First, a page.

I am not going to lie. If your goal is to go to college, take the easiest classes possible, and get into medical school with perfect grades, then MIT is not for you. However, if you want to excel in science and engineering and live among brilliant peers and professors, all in an environment that is unrivaled, then keep on reading. Not only is it possible to be a successful premed at MIT, but I would also argue that MIT is one of the best places for shaping future doctors.
There surely are downsides to being premed at MIT. The classes are much more challenging than at other schools, especially in the sciences (which medical schools obviously focus on). It’s an understatement to say that As are not as easy to come by as they might be elsewhere, and chances are that you will not graduate with a 5.0 GPA (MIT grades on a 5.0 scale). Most likely, you could get better, if not perfect, grades at another college. Anywhere else, you could be at the very top of your class. However, if you choose MIT, then you will have to compete with some of the smartest and most talented students in the world, and unfortunately, it is unavoidable that some students will end up below average. Nevertheless, the benefits of MIT far outweigh these downsides.
Firstly, the education at MIT is unparalleled, and nowhere else will equip you with such a solid scientific foundation. For example, organic chemistry at MIT is not the same as “organic chemistry” at other schools — MIT covers the material much more in-depth. This is great not only for the sake of learning, but because when you get to the MCATs, this tremendous scientific knowledge will shine through. Moreover, where else can you go and finish your math, chemistry, biology, and physics requirements by the end of your freshman year? Finishing the premed requirements early allows you to explore other areas of interest beyond introductory courses. Ironically, it can be argued that at MIT almost everyone is “premed” by default because of the General Institute Requirements.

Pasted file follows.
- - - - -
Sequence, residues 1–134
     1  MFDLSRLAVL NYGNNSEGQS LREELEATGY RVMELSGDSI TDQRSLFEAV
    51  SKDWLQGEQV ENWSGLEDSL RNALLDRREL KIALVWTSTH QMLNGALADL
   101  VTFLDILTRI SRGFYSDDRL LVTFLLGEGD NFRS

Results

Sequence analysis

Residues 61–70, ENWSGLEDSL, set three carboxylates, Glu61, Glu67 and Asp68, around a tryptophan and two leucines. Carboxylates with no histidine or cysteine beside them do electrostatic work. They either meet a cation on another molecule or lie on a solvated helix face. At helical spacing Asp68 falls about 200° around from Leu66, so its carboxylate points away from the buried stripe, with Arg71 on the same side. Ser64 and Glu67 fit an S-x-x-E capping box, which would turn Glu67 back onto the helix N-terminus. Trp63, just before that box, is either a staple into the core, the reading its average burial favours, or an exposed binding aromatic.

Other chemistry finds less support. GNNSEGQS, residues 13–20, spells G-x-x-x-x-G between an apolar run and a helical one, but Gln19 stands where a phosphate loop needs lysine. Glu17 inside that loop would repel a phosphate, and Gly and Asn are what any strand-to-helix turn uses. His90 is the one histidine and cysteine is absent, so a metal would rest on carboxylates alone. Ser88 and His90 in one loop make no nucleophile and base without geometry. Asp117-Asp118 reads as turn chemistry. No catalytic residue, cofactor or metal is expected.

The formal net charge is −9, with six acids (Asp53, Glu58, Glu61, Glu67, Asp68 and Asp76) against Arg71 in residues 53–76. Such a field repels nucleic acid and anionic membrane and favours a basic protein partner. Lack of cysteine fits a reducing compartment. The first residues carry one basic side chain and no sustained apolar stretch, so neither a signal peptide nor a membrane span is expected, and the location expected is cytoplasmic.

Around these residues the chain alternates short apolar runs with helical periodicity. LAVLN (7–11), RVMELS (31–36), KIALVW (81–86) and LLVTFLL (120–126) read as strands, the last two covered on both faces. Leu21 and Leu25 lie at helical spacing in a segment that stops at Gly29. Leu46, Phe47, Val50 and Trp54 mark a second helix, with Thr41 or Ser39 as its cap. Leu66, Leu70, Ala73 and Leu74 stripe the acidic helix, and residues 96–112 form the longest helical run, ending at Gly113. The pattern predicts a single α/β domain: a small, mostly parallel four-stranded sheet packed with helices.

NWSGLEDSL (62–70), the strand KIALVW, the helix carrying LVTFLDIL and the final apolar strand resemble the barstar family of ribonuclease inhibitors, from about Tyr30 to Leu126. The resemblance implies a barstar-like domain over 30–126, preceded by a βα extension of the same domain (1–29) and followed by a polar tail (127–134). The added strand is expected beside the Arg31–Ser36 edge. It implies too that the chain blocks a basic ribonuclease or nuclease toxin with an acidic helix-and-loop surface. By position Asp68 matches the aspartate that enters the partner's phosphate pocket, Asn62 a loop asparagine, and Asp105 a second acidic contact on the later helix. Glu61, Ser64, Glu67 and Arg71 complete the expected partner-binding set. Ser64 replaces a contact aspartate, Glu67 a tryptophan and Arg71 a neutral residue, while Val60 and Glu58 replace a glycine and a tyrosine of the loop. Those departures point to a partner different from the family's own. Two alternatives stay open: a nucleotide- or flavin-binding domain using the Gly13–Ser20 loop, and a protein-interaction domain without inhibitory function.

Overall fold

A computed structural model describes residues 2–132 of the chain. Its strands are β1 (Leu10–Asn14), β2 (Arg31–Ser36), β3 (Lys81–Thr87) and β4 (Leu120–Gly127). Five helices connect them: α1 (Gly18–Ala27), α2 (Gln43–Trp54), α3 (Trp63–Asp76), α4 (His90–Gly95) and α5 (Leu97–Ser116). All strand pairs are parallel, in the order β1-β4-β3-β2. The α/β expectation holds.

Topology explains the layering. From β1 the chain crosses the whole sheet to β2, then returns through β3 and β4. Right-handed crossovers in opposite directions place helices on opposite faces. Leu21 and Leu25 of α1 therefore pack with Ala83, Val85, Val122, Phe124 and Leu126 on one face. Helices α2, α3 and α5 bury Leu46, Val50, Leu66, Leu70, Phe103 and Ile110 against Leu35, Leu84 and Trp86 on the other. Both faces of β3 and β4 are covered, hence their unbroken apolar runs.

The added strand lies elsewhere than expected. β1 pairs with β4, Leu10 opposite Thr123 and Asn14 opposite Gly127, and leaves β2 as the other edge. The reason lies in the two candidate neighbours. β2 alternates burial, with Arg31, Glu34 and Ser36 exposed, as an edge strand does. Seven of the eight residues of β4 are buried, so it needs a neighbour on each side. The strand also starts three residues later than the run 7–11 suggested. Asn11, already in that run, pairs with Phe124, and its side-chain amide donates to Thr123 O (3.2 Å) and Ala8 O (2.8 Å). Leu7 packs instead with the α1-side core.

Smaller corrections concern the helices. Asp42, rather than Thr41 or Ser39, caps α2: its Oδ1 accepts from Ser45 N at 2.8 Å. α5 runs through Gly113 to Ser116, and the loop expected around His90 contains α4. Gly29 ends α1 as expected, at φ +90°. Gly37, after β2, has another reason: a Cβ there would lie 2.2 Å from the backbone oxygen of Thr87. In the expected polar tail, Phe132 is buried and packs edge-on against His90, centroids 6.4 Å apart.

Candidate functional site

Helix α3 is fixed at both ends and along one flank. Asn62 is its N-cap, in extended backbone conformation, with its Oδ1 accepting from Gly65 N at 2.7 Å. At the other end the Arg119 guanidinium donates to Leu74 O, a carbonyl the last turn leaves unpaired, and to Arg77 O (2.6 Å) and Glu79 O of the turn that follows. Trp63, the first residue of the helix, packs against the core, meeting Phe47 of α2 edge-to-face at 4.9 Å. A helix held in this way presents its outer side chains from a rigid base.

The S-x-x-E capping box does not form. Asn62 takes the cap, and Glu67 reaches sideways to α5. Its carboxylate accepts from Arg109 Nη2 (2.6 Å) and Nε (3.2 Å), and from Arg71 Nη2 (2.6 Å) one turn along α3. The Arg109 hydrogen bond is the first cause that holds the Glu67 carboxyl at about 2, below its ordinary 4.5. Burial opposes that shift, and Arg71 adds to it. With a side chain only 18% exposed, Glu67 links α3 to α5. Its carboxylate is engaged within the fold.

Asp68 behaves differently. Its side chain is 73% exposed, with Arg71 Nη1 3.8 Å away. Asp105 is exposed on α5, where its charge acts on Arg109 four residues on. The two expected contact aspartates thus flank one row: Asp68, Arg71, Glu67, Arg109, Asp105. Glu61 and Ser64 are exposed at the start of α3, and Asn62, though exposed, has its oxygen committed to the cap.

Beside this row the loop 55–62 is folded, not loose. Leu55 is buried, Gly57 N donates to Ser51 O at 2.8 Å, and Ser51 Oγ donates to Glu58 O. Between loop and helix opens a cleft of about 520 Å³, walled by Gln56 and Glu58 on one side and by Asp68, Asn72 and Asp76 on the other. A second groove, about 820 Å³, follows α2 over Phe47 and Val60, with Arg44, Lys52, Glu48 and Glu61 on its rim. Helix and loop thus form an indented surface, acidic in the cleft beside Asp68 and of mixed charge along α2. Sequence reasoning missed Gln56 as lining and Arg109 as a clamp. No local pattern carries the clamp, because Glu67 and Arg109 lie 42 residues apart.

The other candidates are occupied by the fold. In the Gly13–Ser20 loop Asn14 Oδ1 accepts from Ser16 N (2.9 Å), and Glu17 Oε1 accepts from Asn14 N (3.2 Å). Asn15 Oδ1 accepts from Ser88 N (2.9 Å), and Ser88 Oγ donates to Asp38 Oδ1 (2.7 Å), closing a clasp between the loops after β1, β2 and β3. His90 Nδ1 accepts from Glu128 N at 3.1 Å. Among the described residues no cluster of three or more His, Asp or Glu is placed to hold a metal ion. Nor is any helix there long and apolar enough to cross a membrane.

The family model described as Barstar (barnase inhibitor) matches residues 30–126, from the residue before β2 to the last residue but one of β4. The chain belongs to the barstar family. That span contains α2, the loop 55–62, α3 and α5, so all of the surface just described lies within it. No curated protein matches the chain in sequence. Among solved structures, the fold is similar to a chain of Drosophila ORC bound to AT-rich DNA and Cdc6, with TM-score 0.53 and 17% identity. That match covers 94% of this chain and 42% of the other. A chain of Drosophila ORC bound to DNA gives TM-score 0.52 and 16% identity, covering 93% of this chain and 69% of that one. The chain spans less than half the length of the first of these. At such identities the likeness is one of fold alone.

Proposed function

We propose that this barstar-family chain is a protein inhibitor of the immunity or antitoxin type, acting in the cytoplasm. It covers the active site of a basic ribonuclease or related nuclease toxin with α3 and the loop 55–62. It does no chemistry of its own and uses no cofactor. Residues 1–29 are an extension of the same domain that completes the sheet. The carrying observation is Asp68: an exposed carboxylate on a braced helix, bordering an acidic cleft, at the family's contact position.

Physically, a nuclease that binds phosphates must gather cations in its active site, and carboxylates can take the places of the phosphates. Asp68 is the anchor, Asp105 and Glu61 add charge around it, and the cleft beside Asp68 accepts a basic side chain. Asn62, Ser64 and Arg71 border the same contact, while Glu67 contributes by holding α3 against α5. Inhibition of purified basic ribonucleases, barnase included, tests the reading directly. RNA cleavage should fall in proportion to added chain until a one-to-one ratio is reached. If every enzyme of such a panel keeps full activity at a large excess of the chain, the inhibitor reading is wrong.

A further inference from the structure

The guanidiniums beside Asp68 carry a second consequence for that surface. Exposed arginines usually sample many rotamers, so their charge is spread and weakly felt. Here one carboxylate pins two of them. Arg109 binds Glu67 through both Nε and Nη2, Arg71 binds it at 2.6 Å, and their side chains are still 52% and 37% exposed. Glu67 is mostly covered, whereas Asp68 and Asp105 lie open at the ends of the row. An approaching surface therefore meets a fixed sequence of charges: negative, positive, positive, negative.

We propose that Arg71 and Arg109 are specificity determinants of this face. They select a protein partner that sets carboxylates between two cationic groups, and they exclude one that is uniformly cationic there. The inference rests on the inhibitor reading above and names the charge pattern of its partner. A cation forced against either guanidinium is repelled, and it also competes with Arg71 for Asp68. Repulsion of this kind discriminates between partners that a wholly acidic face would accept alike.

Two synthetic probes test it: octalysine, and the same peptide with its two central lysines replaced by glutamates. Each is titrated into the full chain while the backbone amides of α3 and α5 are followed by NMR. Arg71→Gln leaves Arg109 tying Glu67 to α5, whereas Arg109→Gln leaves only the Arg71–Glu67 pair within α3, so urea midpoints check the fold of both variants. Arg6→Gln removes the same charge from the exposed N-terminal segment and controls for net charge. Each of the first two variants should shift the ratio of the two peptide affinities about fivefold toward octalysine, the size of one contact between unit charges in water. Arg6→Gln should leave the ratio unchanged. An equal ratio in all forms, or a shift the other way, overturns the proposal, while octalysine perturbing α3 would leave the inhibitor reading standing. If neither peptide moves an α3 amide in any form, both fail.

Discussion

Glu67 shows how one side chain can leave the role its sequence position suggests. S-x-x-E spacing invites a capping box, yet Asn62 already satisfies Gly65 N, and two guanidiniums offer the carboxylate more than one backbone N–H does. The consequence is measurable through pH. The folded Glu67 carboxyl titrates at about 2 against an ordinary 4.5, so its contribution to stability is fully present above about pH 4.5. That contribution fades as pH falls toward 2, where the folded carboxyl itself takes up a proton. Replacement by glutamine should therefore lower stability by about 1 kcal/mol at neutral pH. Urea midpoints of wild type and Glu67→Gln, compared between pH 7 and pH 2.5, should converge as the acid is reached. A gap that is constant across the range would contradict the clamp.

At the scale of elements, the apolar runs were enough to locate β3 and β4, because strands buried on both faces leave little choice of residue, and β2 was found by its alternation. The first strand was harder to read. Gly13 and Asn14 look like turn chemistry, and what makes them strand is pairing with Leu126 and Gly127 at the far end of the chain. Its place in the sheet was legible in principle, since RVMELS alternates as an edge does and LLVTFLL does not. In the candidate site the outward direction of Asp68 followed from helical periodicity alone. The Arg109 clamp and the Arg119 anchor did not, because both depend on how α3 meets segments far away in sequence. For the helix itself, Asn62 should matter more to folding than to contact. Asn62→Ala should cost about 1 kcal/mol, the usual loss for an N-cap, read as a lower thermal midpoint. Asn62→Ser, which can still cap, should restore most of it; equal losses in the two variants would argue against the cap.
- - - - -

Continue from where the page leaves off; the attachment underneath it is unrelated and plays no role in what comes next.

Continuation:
Additionally, the atmosphere at MIT is one of collaboration, not cut-throat competition. That means that when someone needs help in a class, he or she will be able to find classmates genuinely willing to offer a helping hand. At MIT, the attitude of students is one of working together to triumph over class work rather than one of competition. This may be drastically different from other schools, where premeds have the reputation of being ruthless, aggressive, and unwilling to help anyone else. MIT is an amazing school because of the teamwork and creative thinking that is encouraged here. This is similar to the “real world,” where collaboration is a vital part of any accomplishment.
Furthermore, the research at MIT is not only ground-breaking, but also plentiful and easily accessible to undergraduates. At other universities, it is hard for undergraduates to get research positions because space and funding is scarce. Here, the Undergraduate Research Opportunities Program (UROP) ensures that just about everyone who wants to conduct high-level research can do so. As a result, it is not unusual for undergraduates to be published as first authors on scientific papers and to present their research at conferences. No matter your path after MIT, participating in independent research shows responsibility and creativity that is valuable to any employer or graduate school, whether it be medical school or a bank on Wall Street.
Lastly, medical schools will understand that the work at MIT is harder than elsewhere, and so an occasional B is not a nightmare that will end your career. Of course, hard work and good grades are important and cannot be minimized. However, worrying too much about the perfect medical school application is not the way to approach MIT. Instead, it is important to pursue your passions, do what interests you, and learn what you love. There is no better place to do these things than MIT, and choosing a college that is second to MIT just because it may be easier for medical school is absurd.
Students admitted to MIT are admitted for a reason, and the admissions staff is confident that everyone they admitted will thrive at MIT. However, it is even more important to have confidence in yourself, and to realize you can succeed, no matter the hard work ahead.